Notes: The charts show the interquartile range (shaded gray region), mean (black dot), and median (black line in the shaded box) for debt-to-GDP forecast errors for different time horizons. Forecast errors are defined as realised debt ratios minus forecasted ratios. Stars on top of the shaded regions indicates whether the mean in significantly different from zero based on standard errors that are clustered two-way at the country and vintage level. *, **, and *** indicate significance at the 10%, 5%, and 1% level, respectively.

Interestingly, on average, forecast errors are very similar between advanced economies and emerging market developing economies (Figure 3). But these averages mask important differences in terms of timing of forecast errors during recession and normal times (Figure 4). Advanced economies have very large forecast errors when recessions fall in the horizon (over 20% of GDP) – potentially reflecting the large discretionary stimulus that these countries can implement in response to a crisis – but close to zero and not statistically significant forecast errors in non-recession years. In contrast, for emerging market developing economies, forecast errors are more systematic, with a sizeable and statistically significant bias observed even when no recession falls in the forecast horizon.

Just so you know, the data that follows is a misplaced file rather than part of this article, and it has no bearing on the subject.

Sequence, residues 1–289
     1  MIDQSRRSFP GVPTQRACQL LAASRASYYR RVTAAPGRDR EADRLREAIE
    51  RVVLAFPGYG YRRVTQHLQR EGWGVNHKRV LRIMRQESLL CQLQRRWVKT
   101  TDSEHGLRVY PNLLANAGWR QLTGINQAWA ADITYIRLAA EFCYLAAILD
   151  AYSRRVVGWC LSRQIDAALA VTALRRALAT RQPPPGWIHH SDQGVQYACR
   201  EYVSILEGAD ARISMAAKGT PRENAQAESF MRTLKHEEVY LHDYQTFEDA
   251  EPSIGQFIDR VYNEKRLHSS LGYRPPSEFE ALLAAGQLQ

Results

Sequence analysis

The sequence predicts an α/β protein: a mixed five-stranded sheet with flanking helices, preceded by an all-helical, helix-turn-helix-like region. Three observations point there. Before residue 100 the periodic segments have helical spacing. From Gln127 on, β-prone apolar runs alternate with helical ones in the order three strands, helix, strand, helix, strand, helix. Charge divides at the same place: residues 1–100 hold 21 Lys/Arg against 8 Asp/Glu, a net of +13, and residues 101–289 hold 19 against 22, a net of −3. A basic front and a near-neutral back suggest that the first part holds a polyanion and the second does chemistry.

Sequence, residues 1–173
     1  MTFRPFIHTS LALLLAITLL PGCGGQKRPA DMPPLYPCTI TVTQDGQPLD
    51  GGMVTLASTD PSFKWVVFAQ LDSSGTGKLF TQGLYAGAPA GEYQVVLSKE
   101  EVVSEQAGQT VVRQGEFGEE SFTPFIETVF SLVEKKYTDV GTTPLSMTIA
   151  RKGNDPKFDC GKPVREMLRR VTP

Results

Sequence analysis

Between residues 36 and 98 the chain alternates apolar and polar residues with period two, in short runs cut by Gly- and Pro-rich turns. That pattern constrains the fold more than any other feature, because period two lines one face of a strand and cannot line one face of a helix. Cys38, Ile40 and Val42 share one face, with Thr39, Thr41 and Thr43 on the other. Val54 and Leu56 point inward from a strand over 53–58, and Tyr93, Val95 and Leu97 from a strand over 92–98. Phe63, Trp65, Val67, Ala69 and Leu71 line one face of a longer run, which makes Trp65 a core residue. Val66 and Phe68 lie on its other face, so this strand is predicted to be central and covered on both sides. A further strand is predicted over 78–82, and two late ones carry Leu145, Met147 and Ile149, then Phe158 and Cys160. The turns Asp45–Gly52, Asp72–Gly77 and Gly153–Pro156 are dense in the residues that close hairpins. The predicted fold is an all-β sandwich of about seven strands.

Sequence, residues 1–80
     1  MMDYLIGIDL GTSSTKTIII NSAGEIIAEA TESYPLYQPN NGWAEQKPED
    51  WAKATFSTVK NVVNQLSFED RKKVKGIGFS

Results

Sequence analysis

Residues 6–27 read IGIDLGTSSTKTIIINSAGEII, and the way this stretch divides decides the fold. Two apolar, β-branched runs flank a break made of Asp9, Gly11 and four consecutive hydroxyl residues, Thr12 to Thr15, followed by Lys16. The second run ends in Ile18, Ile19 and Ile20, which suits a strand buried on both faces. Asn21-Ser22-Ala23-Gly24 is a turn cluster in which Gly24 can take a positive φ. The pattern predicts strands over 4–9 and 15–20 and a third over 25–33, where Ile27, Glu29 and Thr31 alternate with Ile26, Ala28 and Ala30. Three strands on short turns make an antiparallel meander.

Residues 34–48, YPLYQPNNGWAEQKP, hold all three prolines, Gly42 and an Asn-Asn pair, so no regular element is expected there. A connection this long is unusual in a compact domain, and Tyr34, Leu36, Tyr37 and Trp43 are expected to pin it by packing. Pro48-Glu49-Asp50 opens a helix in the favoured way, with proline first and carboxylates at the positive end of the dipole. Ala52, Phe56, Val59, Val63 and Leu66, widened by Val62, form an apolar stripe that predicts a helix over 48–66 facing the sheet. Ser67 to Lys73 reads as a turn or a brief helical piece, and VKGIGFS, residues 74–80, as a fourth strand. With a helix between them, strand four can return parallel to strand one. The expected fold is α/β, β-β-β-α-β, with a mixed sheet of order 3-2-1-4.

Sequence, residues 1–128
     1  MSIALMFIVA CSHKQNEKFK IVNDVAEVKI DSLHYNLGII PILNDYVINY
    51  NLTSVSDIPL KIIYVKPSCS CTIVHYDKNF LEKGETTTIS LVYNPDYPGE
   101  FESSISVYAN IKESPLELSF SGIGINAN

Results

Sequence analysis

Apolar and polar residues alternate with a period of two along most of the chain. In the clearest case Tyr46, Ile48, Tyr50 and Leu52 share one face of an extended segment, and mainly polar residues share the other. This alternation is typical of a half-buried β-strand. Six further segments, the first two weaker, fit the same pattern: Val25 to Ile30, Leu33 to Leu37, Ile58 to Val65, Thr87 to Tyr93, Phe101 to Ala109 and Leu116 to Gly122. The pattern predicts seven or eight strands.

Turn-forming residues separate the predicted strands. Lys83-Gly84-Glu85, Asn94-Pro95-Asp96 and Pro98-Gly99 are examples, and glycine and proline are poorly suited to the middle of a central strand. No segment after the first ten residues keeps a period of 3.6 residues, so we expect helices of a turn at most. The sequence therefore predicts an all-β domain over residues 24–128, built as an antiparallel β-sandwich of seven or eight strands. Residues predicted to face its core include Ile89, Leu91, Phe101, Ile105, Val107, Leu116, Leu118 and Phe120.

Figure 3 Forecast errors for advanced economies vs. emerging market developing economies

a) Advanced economies

b) Emerging market developing economies

Notes: The charts show the interquartile range (shaded gray region), mean (black dot), and median (black line in the shaded box) for debt-to-GDP forecast errors for different time horizons for advanced economies (Panel A) and emerging market developing economies (Panel B). Forecast errors are defined as realised debt ratios minus forecasted ratios.

Figure 4 Five-year forecast errors conditional on a recession falling in the forecast horizon

Notes: Based on a pooled regression with observations at country-vintage level. Dependent variable in each regression is five-year ahead forecast error of country ‘c’ in vintage ‘v’. Independent variable is a dummy which takes value one if the start of a recession occurs in country ‘c’ in the five-year forecast horizon. Any country-year with negative GDP growth is classified as a recession. Standard errors are clustered two-way at country and vintage level. *, **, and *** indicate significance at the 10%, 5%, and 1% level respectively.

We also provide additional stylised facts regarding public debt forecast errors: (i) forecast errors are significantly larger when the projection is for debt ratios to decline (as is the case currently) than when debt ratios are projected to increase; (ii) in oil-exporters and more volatile countries, as positive errors following adverse shocks do not get offset by negative errors after favourable shocks; (iii) the magnitude of forecast errors is similar between countries with IMF programmes and countries without, though precautionary programs tend to have smaller errors; and (iv) the positive forecast errors in debt projections are only partly explained by overoptimistic growth forecasts—that is, we observe sizeable debt forecast errors (about 4% of GDP, on average) even when conditioning on growth projections to be exactly right.

Possible implications for post-Covid debt trajectories